Hi-jacking of planes. Kidnapping.

Violence. Riots.


Anarchy—all growing stronger.

All seeming to lead to worship of destruction, pleasure in cruelty. What does it all mean?

So what does all this mean? In the novel, Christie provides an answer; here is the storyline. On a flight home from Malaya, Sir Stafford Nye, a bored diplomat, is approached in the passenger lounge at Frankfurt airport by a woman whose life is in danger; to help her, he agrees to lend her his passport and boarding ticket. In this way, he unwittingly gets caught up in an international intrigue from which the only escape is to outwit the power-crazed Countess von Waldsausen, who wants to achieve world domination by manipulating and arming the planet’s youth.

This terrible worldwide conspiracy has something to do with Richard Wagner and “The Young Siegfried.” We learn that, towards the end of the Second World War, Hitler went to a mental institution, met with a group of people who thought they were Hitler, and exchanged places with one of them, thus surviving the war. He then escaped to Argentina, where he married and had a son who was branded with a swastika on his heel: “The Young Siegfried.” Meanwhile, in the present, drugs, promiscuity and student protests are all secretly caused by Nazi agitators who want to bring about anarchy so that they can restore Nazi domination on a global scale.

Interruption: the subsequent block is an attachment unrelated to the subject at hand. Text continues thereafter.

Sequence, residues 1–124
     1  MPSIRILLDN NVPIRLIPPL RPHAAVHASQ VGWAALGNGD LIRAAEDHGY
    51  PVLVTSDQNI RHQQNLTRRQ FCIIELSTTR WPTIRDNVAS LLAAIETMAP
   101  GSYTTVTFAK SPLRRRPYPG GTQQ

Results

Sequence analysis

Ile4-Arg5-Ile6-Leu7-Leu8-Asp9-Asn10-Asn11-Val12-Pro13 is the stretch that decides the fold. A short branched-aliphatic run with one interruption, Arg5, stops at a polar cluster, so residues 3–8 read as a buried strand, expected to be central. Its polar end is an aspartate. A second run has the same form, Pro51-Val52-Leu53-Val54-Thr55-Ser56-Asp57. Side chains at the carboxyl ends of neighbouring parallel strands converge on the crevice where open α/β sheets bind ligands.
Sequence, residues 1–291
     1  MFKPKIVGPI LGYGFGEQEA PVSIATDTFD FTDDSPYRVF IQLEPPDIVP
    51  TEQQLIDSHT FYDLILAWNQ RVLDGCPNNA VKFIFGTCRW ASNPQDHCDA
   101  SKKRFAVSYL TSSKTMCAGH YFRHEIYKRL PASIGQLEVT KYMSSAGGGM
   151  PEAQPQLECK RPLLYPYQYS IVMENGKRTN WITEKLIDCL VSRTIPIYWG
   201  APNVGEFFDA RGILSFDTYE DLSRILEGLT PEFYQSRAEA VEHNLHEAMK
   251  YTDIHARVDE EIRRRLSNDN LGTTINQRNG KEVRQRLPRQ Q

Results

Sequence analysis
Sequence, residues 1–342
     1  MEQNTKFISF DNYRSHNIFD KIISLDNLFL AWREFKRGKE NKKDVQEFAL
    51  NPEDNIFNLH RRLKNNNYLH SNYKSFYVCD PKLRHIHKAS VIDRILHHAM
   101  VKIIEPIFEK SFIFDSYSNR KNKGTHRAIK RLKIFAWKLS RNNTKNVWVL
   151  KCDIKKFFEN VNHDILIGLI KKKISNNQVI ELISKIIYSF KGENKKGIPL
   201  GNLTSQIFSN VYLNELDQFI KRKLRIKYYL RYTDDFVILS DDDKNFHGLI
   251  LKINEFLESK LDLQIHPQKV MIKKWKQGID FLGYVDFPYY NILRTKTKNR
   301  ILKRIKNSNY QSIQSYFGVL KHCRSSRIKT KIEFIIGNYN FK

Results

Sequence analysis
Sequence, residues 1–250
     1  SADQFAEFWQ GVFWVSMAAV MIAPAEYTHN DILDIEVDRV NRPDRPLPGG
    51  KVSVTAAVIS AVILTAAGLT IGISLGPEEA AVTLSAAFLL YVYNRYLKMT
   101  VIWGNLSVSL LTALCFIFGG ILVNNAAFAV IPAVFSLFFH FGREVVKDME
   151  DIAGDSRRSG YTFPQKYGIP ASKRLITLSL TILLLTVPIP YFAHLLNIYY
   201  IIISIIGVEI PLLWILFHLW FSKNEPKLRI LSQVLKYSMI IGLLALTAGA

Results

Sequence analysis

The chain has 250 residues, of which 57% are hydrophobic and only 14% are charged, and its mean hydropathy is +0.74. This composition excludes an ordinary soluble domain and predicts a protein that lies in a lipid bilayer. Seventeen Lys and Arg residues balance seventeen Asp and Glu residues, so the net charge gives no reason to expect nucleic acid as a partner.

This “terrible worldwide conspiracy” is, of course, ideological fantasy at its purest: a weird condensation of the fear of extreme Right and extreme Left. The least we can say in Christie’s favor is that she locates the heart of the conspiracy in the extreme Right (neo-Nazis), not any of the other usual suspects (Communists, Jews, Muslims). The idea that neo-Nazis were behind the ’68 student protests and the struggle for sexual liberation, with its obvious madness, nonetheless bears witness to the disintegration of a consistent cognitive mapping of our predicament; the fact that Christie is compelled to take refuge in such a crazy paranoiac construct indicates the utter confusion and panic in which she found herself.

The picture of our society she paints is simply confused, out of touch with reality (incidentally, although to a much lesser extent, the same goes for the strangest of John le Carré’s novels, A Small Town in Germany, which is set in a similar situation). But is her vision really too crazy to be taken seriously? Is our era, with “leaders” like Donald Trump and Kim Jong-un, not as crazy as her vision? Are we today not all like a bunch of passengers to Frankfurt? Our situation is messy in a way that is very similar to the one described by Christie: we have a Rightist government enforcing workers’ rights (in Poland), a Leftist government pursuing the strictest austerity politics (in Greece). No wonder that, in order to regain a minimal cognitive mapping, Christie resorts to the Second World War, “the last good war,” retranslating our mess into its coordinates.